Also a shocking finding: David Berri has vastly overstated his case in an effort to get attention. This is catnip for someone like Gladwell who loves pointing out "Outliers" or "The Tipping Point." Sports statistics would be far better off if Berri took an interest in misrepresenting crocheting, and if Gladwell would accept the idea that sometimes people paid huge amounts of money to determine something aren't totally wrong.
(HT: Football Outsiders.)
Etc.: I like Clay Travis, really I do, but his take on the Rodriguez situation—the thesis is Michigan should manipulate the NCAA investigation so that it results in major sanctions, allowing them to fire Rodriguez—is literally the dumbest thing I have ever read about Michigan. Gregg Doyel just wrote something! Drew Sharp exists! This is a meaningful statement! I leave the destruction to Braves & Birds.
In Belichick-related stuffs: John Harbaugh went for a fourth and five with his team trailing that both announcers thought was a must-punt situation, got it, and won the game. Sometimes the right call works out, eh?
Doctor Saturday surveys the latest ham-handed attempt by the BCS to convince you that the BCS isn't stupid. It is amazing how tone-deaf public relations firms are.
Nosie. Boise announced their big nonconference game… and it's against Virginia Tech, which you will note is not Michigan. M is still casting about for a reasonable opponent to open the 2010 season. Options are getting thin on the ground.
Ok, let's talk about this again. Tennessee is pushing Eric Berry for the Heisman, which isn't going to happen unless Tennessee is way better than everyone expects they'll be but fine. I enjoy quixotic Heisman campaigns of all stripes and miss the defunct blogger version of the Heisman—even if it handed its lone trophy to Colt Brennan—because defenders and the occasional lineman featured.
Unfortunately, ESPN's Chris Low—the SEC version of Rittenberg—took the opportunity to launch a broadside at Charles Woodson's '97 win, which is for my money one of the few times the award has managed to make any goddamn sense. The reasoning, as you might expect, is flimsy and insular. A brief fisk:
The Heisman Trophy has been a dirty word on Rocky Top ever since Peyton Manning was jobbed of college football's most prestigious individual award back in 1997.
How does one get "jobbed" out of an award where people are handed ballots and asked to vote on who they think is the best player? Were there chads?
I'm not one of those conspiracy theorists…
This phrase is always followed by the author suggesting and supporting a conspiracy theory.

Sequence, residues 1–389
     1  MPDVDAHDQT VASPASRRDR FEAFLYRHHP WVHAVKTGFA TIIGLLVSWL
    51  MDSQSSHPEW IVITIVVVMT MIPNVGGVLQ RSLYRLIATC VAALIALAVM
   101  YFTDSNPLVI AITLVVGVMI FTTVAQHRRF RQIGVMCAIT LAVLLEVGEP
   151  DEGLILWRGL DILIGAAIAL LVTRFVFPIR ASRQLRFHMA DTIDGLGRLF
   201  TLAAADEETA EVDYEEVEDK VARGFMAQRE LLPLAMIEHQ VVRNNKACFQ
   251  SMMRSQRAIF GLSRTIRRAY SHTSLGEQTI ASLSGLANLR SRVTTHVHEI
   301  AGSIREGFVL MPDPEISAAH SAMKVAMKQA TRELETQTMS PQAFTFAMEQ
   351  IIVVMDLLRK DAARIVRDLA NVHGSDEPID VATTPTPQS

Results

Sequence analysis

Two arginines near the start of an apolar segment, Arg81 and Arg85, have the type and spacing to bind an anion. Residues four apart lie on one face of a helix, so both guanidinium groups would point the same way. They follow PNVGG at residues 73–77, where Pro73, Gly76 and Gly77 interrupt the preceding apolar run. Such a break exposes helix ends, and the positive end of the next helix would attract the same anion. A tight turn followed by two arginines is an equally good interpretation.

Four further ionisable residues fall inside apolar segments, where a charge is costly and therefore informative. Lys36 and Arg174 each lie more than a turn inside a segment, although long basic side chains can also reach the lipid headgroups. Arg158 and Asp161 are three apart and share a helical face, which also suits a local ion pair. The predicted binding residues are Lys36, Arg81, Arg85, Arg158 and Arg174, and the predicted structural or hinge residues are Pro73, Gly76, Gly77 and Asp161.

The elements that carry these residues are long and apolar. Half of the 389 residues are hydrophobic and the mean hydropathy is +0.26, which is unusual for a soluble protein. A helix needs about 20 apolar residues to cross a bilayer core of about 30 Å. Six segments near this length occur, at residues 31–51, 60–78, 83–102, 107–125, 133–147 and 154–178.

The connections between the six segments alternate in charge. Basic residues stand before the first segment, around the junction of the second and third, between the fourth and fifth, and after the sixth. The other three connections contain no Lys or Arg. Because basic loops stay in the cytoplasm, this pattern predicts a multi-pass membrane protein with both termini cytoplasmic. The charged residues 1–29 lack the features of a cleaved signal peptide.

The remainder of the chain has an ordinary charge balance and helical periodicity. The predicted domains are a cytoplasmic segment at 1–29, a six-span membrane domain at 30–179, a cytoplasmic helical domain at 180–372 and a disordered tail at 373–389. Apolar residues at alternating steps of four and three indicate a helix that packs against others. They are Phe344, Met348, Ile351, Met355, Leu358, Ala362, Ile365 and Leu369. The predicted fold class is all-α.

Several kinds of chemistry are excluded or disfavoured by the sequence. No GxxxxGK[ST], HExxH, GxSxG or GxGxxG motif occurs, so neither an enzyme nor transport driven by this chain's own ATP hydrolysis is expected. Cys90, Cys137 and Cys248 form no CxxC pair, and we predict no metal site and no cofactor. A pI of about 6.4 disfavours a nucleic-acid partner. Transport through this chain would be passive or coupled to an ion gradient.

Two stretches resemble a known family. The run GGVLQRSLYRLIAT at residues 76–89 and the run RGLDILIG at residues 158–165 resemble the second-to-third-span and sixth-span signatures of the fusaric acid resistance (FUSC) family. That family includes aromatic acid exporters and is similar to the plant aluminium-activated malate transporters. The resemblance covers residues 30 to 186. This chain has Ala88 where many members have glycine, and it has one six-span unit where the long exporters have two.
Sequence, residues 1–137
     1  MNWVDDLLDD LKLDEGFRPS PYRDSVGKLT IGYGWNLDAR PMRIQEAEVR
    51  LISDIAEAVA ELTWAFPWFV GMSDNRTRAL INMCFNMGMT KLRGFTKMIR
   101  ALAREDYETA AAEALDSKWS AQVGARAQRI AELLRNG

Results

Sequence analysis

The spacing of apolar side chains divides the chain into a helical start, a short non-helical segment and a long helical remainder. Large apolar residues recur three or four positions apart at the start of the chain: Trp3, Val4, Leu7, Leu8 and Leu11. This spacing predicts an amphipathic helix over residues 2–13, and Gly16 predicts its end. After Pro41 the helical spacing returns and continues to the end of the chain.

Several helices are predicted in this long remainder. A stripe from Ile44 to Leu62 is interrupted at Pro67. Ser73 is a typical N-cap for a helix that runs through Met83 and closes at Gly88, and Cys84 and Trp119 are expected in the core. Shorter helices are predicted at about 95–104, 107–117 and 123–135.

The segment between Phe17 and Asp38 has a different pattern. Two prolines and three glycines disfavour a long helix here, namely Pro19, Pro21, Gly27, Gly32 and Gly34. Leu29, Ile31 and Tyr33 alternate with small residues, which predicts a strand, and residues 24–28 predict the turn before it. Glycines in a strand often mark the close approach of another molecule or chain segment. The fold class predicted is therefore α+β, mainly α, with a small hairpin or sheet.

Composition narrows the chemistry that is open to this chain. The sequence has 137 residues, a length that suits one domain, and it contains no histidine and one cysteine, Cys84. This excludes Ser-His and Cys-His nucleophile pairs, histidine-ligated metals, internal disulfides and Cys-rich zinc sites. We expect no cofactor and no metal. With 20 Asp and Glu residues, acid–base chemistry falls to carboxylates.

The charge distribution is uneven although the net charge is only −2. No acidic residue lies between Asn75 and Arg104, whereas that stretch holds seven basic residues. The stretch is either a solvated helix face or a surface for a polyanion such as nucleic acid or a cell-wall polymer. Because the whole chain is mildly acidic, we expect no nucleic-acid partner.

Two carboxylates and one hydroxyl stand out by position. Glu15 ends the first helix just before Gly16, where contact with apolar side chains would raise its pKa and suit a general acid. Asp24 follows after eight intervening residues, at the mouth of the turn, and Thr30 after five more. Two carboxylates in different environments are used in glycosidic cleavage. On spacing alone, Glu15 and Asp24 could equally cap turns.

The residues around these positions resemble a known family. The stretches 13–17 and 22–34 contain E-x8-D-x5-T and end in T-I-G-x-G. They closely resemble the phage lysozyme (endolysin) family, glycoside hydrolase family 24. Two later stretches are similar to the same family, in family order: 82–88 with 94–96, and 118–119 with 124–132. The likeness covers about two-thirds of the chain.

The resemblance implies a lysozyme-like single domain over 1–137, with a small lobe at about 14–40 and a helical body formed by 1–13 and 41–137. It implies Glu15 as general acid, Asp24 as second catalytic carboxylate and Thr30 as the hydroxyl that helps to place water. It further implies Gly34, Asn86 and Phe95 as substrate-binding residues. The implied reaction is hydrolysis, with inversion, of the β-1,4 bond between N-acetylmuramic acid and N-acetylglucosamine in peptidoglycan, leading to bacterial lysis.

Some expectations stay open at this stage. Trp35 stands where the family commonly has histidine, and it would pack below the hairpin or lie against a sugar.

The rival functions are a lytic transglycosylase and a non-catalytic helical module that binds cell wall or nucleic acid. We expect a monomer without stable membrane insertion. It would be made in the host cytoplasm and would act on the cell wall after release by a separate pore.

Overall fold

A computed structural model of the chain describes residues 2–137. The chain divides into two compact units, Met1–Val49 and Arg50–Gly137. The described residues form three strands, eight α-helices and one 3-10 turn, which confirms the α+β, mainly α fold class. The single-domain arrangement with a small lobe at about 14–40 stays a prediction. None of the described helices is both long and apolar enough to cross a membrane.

… but there sure seemed to be a movement by some in 1997 to keep Manning from winning the award.
See? "I'm not one of those conspiracy theorists" is a phrase that always means its opposite. There should be a word for that.
Part of it was his being forced down everybody's throats for four years, and part of it was the fact that he was winless against Florida.
Never mind that he delivered Tennessee its first SEC championship since the advent of the league championship game, was the driving force behind the Vols' remarkable 45-5 run from 1995-98 and threw for 3,819 yards and 36 touchdowns his senior season.
Q: What does Tennessee's '98 national title season have to do with Peyton Manning?
Chris Low A: Something.
Sane Person A: Not a goddamn thing.
He was saddled with the label of not being able to win the big one -- and despite his enormous talents -- became that guy some voters took glee in voting against.
Dude, the award purports to reward the best player in college football, and against Florida Manning threw two interceptions, one an 89-yard pick-six, and saw his team fall behind 33-14 before Manning managed a meaningless garbage time touchdown. He'd been outplayed by Doug Johnson. That opened the door. The New York Times on Manning after the Florida game: "A Heisman candidate? Yes. A hands-down winner in the fall? Please."
Then Woodson bashed through it by dominating Michigan's season-ending showdown against Ohio State by intercepting a pass, setting up one of Michigan's touchdowns with a long reception, and doing this:
One player failed, and another did not. It's harsh to say Peyton Manning "couldn't win the big one" but it's not a stretch to claim that Charles Woodson blew him out of the water in both teams' most important games of the season.
How else do you explain 93 of the 921 electors that year not even having Manning on their ballots?
I'm not sure where Low's getting his numbers, as the official site has vote counts that disagree with his accounting. There are 815 first-place votes accounted for of 921 electors, leaving 97 ballots without Manning. Woodson was left off 75. As Low's amply demonstrated here, "never attribute to malice that which can be adequately explained by stupidity" may be a general-purpose axiom but it goes double for sportswriters.
Most years Peyton Manning would have been a slam dunk. He'd be a more deserving winner than 80% of the guys who actually got the trophy. But he had the misfortune to run up against the only compelling (primarily) defensive player in the history of the award. I'm sure a few people were swayed by the idea it was cool to vote for a defender, but it's not like he was undeserving. That's what grates about every Tennessee bitch: they all assert, directly or in-, that Woodson didn't deserve it and the '97 Heisman was a sham and a fraud. Well, whatever. Scoreboard.